I am tired with and angry about the situation.  Every day has stress mounting and this was the last thing we needed to hear.  I can not let them pull his teeth unless they absolutely need to do it.  I mean, how much do we lay on one kid?  Sure, to any other kid, it is just getting his teeth pulled.  To me it is making my child sick, taking away his social life and activities, changing his life circumstances, making him susceptible to anything and everything that lies in the environment and his own body…and getting his teeth pulled.  And that is sparing all the details of the days that lie ahead.   NO.  I will fight this one.  I may lose, but I am not just letting this happen without voicing strong opposition to it. 

It was two and a half times MORE likely that Britta would be the donor and that didn’t happen.  But I guess the chance of Reece having his diagnosis is about one in a million (literally), so the odds don’t seem to be on our side  anyway.  And once you actually ARE that ONE in a million, you start to realize that anything can happen.

I have a good friend who once told me to feel every emotion fully; if you suppress your emotion–whatever it may be–it does more harm than good.  I have heeded this advice on many occasions.  I know we are intentionally created to be emotional beings.  The Bible documents many of God’s emotions–including times when he is angry.  Jesus agonized over His impending crucifixion, He rejoiced with His friends, He mourns the loss of people, He shows strong empathy towards others, He shows anger, and He even weeps.  He never apologizes for any of His emotions; He never says, “I’m sorry I feel this way.”  In the next day or so I will post about our wonderful and joyous time over Christmas and the things we have been doing as a family.  I will discuss my relief over my latest ultrasound and my excitement over our new little one.  Tonight, I am angry and I’m not ashamed about it.  If I don’t let it bubble up, I can’t move on and that’s when it will become a problem.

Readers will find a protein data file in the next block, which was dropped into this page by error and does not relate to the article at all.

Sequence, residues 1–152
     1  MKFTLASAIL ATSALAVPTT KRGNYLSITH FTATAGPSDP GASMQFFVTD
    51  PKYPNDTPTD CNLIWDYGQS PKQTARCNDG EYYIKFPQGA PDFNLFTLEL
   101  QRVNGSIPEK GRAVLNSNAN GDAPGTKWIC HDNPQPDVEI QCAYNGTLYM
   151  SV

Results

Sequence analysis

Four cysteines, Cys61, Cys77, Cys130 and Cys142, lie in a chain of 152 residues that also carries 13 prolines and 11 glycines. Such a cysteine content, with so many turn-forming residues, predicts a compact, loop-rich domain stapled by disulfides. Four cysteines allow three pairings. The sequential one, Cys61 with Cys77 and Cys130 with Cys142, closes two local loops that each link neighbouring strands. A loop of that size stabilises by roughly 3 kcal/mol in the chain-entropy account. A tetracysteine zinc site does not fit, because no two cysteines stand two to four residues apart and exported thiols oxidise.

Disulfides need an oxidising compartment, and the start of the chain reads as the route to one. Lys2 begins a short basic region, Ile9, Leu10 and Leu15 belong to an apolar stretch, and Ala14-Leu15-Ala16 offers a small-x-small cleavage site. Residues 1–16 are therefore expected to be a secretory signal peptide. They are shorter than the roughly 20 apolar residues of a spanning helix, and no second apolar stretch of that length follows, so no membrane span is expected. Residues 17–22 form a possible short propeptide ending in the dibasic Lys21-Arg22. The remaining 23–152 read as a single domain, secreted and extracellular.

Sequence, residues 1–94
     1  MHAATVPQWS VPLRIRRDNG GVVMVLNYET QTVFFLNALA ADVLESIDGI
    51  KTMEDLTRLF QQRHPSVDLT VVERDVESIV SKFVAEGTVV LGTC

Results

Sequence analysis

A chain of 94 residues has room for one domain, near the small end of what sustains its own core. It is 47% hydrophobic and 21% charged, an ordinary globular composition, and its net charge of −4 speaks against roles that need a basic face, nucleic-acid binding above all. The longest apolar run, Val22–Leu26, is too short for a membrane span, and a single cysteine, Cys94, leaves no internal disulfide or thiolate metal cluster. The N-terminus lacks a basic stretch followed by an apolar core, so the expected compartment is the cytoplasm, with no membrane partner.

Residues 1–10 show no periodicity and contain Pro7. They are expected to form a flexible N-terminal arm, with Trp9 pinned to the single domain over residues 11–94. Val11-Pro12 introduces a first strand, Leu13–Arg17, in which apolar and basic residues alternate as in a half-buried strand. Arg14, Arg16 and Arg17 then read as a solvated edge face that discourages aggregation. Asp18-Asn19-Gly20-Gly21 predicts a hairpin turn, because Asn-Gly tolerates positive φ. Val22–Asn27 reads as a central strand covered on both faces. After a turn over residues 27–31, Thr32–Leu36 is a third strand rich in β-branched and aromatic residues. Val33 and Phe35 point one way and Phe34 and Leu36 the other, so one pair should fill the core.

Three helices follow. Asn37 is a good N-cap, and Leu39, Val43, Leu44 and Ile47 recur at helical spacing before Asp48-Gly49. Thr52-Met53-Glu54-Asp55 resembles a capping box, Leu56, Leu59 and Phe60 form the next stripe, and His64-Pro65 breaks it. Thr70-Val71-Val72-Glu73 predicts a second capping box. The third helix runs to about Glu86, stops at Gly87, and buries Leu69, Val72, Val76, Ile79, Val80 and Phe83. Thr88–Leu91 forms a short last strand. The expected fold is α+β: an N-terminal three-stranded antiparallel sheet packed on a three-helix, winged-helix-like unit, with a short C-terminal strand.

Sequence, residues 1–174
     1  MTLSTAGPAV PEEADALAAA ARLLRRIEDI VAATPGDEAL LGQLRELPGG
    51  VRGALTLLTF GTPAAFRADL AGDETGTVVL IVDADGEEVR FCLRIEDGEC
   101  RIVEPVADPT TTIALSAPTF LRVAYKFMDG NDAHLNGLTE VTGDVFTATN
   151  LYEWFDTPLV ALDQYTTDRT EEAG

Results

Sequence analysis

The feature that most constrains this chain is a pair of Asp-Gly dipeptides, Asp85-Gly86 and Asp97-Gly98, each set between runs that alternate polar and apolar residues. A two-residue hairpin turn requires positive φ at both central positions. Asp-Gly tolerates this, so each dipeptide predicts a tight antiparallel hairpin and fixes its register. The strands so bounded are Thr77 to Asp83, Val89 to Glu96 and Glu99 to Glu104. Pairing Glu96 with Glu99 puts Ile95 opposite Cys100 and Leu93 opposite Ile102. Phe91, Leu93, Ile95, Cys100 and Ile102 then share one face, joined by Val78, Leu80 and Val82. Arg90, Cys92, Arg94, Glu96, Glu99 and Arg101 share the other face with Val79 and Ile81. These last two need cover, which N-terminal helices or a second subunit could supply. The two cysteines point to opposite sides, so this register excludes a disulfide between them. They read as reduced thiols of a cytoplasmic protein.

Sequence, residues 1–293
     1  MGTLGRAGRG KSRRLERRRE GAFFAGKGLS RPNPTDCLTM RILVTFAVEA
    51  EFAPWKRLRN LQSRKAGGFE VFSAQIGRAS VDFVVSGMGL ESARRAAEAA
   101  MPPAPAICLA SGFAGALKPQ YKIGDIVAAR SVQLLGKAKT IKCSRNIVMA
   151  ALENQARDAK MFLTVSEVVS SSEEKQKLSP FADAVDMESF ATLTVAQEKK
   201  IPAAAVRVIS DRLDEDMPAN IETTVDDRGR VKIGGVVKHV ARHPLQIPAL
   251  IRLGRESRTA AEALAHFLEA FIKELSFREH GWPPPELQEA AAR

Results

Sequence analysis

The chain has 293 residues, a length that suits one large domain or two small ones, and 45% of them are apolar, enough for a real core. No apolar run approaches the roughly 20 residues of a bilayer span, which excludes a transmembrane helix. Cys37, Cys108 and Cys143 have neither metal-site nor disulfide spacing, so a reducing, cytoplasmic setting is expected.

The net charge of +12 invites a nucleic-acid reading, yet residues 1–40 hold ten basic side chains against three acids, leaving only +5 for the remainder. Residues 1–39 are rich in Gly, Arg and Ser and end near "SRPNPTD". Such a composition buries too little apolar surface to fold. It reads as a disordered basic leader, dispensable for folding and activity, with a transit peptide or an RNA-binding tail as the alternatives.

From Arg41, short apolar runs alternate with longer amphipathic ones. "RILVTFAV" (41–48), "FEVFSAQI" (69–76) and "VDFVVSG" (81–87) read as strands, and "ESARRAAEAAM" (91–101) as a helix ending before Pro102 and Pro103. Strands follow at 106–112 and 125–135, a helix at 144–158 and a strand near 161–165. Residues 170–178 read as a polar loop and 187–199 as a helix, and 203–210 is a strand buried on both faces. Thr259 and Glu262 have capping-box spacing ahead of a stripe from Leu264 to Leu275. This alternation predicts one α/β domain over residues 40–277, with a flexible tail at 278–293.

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It’s Good to Have a Plan

Ever since we learned that Reece would be getting a transplant and subsequently be spending a considerable amount of time in the hospital, I have felt called and motivated to do one of the very few things I have control over–create a hospital distraction plan.  This is not an effort to homeschool Reece, but rather I am approaching every day with a specific topic and supporting it with books, games, DVDs, and activities around that particular topic.  It’s an effort to prepare us as much as possible for the time we will be spending in the hospital room and a way to avoid just turning the t.v. on and surfing the channels.  The social worker fully supported my approach while acknowledging that we know Reece will not be feeling his best; one of the biggest challenges and opportunities as a parent or caregiver will be to keep his mind off of his obvious discomfort.  I am fully aware that there will be days where we never get to a single item on the daily plan or that just watching regular t.v. will be something Reece feels like doing.  Still, I am not walking into this ordeal unprepared. 

I had coffee with a dear friend of mine, Suzy, back in November.  She is a former Kindergarten teacher, is getting her PhD in education, and is a busy mother of three children.  I asked her if she knew of any good homeschooling websites that I could pull material from and she offered to help me out with the entire plan!  The word “gratitude” does not even begin to represent what I feel regarding her willingness to help us out.  She and I have been exchanging emails on different topics and we were finally able to put in a few hours of concentrated time together yesterday morning. 

Every day of the week has a designated theme with six weeks worth of topics:

  • Sundays: United States (flag, founding fathers, big cities, national monuments, etc.) 
  •  Mondays: Mixed Up (five senses, dinosaurs, bugs, outer space, holidays, fine arts) 
  • Tuesdays: Transportation (rescue vehicles, airplanes, boats, trains, construction, etc.) 
  • Wednesdays: Weather (snow, thunderstorms & floods, earthquakes, tornadoes, etc.) 
  • Thursdays: Travel (Scandinavia, American Indians, China, Mexico, Canada, Africa) 
  • Fridays: Magic School Bus Adventures (bee hives, human body, pirates, rainbows) 
  • Saturdays: Bible Stories (Jonah, Jesus, Moses, Abraham, David, Noah)